Industrial Decarbonisation Strategy

Strategic framework by the government to help industries decarbonise to help achieve net-zero and avoid carbon leakage.

From high carbon fossil fuels to low carbon alternatives like hydrogen to reduce emission production. Use technologies like CCUS to capture and store the produced emissions.

Net-zero 2050

Aim of the UK government to get greenhouse gas emissions to net zero by 2050.

Net zero refers to emissions released = emissions captured/offset

EII Exemption Scheme

The cost incurred to transition the industries results in passing down to the consumer in the form of energy bills.

To avoid the cost-burden, qualifying businesses can claim an exemption of up to 85% of their Contract for Differences (CfD), Renewables Obligation (RO), and Feed-in Tariff (FiT) costs.

To aid industries reliant on international trade and heavy usage electricity and reduce the risk of carbon leakage, the UK government has introduced the Energy Intensive Industries Exemption Scheme. It allows businesses to be exempt of up to 85% of their various costs including Contract for Differences (CfD), Renewables Obligation (RO), and Feed-in Tariff (FiT). By providing support for electrification, the government looks forward to encouraging EIIs to help transition towards renewables and aid towards the goal of net-zero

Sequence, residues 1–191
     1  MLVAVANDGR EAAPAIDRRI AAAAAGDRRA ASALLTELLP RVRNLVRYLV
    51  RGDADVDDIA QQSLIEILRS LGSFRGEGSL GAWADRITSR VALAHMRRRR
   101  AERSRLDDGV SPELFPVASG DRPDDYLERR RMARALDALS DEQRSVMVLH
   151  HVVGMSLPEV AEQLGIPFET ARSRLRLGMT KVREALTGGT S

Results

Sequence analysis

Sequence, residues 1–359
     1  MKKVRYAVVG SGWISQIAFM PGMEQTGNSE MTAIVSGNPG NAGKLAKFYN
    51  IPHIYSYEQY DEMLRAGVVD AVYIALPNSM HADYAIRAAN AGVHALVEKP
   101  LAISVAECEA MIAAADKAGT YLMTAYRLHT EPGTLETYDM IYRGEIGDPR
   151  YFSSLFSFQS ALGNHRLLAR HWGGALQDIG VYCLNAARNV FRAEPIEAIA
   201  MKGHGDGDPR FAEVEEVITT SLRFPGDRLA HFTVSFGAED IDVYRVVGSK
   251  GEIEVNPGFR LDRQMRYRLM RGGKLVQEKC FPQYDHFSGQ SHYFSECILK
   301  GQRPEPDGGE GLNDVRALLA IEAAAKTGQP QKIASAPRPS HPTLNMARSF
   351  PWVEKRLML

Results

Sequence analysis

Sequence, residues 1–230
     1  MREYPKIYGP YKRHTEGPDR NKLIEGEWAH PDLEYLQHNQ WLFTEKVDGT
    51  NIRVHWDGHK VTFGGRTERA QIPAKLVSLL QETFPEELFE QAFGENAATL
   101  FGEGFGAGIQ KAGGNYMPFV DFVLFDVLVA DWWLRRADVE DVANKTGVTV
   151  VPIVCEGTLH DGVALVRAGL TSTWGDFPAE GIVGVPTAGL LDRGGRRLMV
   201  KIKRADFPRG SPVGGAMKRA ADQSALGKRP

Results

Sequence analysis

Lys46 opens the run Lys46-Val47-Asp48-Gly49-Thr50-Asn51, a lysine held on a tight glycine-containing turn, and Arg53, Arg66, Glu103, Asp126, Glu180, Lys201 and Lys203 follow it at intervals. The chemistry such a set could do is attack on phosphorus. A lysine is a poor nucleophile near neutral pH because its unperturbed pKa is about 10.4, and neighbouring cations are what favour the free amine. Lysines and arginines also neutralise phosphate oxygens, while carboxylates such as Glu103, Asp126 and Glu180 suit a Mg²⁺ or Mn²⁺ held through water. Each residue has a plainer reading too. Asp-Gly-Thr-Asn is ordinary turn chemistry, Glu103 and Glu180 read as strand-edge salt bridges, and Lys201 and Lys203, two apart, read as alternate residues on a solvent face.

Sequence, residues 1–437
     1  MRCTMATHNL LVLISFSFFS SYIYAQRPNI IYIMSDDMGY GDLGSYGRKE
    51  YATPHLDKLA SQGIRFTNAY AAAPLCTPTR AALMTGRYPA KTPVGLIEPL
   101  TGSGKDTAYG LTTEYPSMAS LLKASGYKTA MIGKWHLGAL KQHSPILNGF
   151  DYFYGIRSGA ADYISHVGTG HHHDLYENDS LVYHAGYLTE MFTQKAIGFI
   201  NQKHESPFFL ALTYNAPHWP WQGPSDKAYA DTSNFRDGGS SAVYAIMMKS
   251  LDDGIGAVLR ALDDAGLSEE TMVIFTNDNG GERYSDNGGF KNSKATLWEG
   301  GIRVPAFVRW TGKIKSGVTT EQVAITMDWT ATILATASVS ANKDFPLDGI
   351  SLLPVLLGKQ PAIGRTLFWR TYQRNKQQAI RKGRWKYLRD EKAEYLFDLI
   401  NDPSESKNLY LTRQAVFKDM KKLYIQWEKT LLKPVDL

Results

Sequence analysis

In the US, the Advanced Manufacturing Office (AMO) consulted in early 2022 on how their manufacturing sector can reduce emissions while increasing global competitiveness. Alongside this, the $700 billion Inflation Reduction Act includes subsidies for carbon capture and hydrogen, and $260 billion in clean energy tax credits[2].

The Chinese government have also published action plans for industrial sectors to peak their total carbon emissions by the end of 2030. Companies in the steel, building material, refining and petrochemical sectors are required to accelerate the deployment of CCUS facilities and replace inefficient, emission-intensive machinery.[3]

The World Economic Forum has developed a Net Zero Industry Tracker to raise transparency and accelerate industrial transformation. This provides insights to inform industry leaders, policymakers and consumers about the most critical and effective actions.

  • Where can I find more policy information and ideas?

Many organisations provide resources about this topic and the related areas. These include organisations which have fed into the development of this guide: Aldersgate Group, Carbon Capture & Storage Association (CCSA), Cardiff University, CATCH, Climate Change Committee (CCC), Drax, Energy-intensive Users Group (EIUG), Energy Safety Research Institute (ESRI) at Swansea University, Energy Systems Catapult (ESC), Energy UK, Imperial College London, Industrial Decarbonisation Research and Innovation Centre (IDRIC), Tyndall Centre at Manchester University, the UK Energy Research Centre (UKERC), Whitetail.

The Energy Institute also performs many roles, including informing energy decision-making through convening expertise and advice and developing and equipping the diverse future energy workforce and will be able to help.